NW-ARM goes against mainstream grains, but it's careful not to align with religious or political groups. Instead, NW-ARM aims to represent people in the Inland Northwest who are concerned with the ways media influences their lives and the lives of children. The alliance doesn't promote censorship but says there has to be a limit to what media can produce.
"The Fourth Amendment of the constitution of the United States is about the health and well-being of children," Caputo says. "And we have to ask, what is more important, the First Amendment [freedom of speech] or the Fourth? What if the First is inflicting on the Fourth? We're always walking a tightrope."
For those who censor media for their families, Caputo warns that isolation isn't always responsible, either.
"I can't tell you the number of times I've done presentations and people stand up and say 'We threw out our TV set 10 years ago and it's great.' I'm not in the 'shoot your television' mode. NW-ARM thinks TV is good for a lot of reasons."
Caputo says it's empowering when people realize media is not just an entity outside their control.
"One way to teach people about media is to create media," he says. "When [NW-ARM] knew that the Cable Advisory Board (CAB) was hosting meetings [to talk about Spokane's cable franchise with Comcast] we tried to get on the agenda." NW-ARM wanted to submit a proposal to Comcast: if the alliance created TV spots promoting media literacy, would Comcast air them? Caputo says the CAB was open to listening to his ideas about promoting media literacy, but he doubts his proposal was taken seriously.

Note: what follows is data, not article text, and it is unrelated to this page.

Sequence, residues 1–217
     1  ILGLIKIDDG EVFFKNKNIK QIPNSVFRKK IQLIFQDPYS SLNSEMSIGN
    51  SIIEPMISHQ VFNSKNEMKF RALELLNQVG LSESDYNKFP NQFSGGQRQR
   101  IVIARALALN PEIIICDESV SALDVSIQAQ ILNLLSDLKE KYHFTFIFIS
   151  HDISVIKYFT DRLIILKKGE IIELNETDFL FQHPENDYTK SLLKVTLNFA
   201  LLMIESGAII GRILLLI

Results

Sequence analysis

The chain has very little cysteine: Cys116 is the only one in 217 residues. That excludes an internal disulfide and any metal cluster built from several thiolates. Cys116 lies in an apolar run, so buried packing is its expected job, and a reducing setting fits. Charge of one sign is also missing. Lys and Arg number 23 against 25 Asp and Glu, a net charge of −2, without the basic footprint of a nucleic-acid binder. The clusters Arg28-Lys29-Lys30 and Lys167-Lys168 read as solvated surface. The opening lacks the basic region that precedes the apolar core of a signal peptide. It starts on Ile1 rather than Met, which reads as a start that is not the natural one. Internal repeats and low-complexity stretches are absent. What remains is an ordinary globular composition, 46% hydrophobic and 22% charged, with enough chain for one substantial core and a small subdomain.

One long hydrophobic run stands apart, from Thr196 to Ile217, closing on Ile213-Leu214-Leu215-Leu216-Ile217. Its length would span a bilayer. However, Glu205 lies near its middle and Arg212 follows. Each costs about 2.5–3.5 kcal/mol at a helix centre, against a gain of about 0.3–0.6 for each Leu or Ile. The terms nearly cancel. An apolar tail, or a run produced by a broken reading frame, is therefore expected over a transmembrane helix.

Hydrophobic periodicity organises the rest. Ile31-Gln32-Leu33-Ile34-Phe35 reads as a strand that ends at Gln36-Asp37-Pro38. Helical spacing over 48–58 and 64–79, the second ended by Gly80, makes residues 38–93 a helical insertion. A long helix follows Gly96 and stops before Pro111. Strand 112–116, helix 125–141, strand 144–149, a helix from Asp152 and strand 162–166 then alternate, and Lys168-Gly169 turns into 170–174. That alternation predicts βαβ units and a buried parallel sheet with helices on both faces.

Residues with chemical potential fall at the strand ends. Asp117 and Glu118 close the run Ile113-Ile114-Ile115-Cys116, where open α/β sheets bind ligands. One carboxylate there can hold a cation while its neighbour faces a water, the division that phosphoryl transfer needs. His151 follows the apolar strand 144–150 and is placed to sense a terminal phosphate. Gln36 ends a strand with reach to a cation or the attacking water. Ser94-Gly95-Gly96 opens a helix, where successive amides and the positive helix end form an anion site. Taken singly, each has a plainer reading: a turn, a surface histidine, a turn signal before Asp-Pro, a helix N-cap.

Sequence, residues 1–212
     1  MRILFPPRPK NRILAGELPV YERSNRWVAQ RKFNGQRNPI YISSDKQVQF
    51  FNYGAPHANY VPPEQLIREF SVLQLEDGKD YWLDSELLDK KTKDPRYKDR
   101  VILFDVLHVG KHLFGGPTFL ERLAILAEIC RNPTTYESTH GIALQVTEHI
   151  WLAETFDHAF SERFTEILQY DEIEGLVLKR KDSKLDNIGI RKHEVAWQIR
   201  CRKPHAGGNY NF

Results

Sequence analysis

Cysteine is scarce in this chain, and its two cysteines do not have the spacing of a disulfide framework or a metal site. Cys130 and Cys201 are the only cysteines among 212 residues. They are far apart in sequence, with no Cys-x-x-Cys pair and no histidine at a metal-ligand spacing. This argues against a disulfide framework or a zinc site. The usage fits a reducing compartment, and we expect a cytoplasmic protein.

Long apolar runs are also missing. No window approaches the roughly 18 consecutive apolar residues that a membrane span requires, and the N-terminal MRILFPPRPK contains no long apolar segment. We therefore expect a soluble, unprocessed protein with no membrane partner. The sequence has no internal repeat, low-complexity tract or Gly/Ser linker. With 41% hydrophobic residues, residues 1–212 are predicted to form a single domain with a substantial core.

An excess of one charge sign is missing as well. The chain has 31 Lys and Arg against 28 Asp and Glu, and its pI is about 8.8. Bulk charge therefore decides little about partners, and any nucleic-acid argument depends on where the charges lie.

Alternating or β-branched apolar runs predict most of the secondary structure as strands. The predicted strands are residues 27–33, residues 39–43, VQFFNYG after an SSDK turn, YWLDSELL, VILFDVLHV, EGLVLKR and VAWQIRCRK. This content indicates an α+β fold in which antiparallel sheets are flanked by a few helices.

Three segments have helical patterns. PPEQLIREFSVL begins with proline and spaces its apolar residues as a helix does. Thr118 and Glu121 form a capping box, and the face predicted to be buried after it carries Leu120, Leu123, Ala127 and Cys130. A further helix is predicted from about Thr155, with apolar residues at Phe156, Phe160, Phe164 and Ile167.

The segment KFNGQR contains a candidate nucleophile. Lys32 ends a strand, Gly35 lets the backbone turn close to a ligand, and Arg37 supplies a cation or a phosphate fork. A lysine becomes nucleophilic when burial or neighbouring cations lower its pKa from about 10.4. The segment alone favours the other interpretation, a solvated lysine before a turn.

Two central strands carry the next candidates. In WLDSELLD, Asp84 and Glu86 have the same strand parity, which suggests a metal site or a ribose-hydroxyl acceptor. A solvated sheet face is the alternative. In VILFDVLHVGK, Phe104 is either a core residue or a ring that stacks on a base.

"The were less concerned with media literacy than they were with getting better signals and HDTV and so on."
You may not see any commercials promoting responsible media on your television, but even if media industries aren't ready to encourage critical thinking about media content, plenty of citizens are engaging in it on their own.
"You have to change your own behavior," Caputo says. He suggests using the time exposed to media to ask questions rather than absorb messages.
"What is the responsibility of the media? And what is the [media consumer's] responsibility? Since we can't put the technological genie back in the bottle, how can we teach people to be more critical viewers?"